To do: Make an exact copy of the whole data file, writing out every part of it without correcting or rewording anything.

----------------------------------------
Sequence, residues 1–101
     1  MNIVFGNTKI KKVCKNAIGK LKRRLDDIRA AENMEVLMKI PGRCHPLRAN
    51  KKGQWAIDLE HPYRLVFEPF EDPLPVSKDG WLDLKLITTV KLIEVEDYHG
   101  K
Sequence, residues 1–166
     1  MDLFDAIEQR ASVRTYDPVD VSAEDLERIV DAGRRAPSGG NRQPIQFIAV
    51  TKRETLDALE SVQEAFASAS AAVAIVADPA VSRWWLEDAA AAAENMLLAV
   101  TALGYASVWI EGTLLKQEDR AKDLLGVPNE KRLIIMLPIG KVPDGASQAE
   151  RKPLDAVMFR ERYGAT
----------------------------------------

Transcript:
Sequence, residues 1–101
     1  MNIVFGNTKI KKVCKNAIGK LKRRLDDIRA AENMEVLMKI PGRCHPLRAN
    51  KKGQWAIDLE HPYRLVFEPF EDPLPVSKDG WLDLKLITTV KLIEVEDYHG
   101  K
Sequence, residues 1–166
     1  MDLFDAIEQR ASVRTYDPVD VSAEDLERIV DAGRRAPSGG NRQPIQFIAV
    51  TKRETLDALE SVQEAFASAS AAVAIVADPA VSRWWLEDAA AAAENMLLAV
   101  TALGYASVWI EGTLLKQEDR AKDLLGVPNE KRLIIMLPIG KVPDGASQAE
   151  RKPLDAVMFR ERYGAT